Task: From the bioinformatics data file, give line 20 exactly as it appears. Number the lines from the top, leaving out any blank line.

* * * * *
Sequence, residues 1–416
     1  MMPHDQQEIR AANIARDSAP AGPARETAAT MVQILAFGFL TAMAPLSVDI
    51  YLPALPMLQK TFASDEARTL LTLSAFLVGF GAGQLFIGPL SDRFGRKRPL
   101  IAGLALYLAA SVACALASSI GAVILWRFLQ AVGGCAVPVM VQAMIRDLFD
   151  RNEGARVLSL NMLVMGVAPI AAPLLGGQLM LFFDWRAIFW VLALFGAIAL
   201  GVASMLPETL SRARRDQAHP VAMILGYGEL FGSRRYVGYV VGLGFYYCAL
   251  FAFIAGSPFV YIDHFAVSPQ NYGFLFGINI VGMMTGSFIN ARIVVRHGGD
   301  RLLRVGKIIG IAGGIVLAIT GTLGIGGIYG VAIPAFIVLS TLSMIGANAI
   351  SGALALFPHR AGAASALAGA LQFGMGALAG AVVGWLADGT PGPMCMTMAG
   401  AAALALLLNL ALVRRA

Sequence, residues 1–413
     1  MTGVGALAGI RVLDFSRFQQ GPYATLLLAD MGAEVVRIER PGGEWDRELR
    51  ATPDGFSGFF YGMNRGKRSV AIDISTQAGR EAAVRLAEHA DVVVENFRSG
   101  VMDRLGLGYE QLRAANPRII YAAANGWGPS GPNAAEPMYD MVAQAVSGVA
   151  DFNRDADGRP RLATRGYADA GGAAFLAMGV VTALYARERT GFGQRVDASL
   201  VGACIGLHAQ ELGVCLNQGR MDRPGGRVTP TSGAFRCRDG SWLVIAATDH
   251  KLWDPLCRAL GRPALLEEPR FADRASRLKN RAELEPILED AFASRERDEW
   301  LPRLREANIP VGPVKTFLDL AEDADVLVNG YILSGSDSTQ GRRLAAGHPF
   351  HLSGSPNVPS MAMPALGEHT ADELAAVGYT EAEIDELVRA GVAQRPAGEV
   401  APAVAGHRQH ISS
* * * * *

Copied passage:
   401  APAVAGHRQH ISS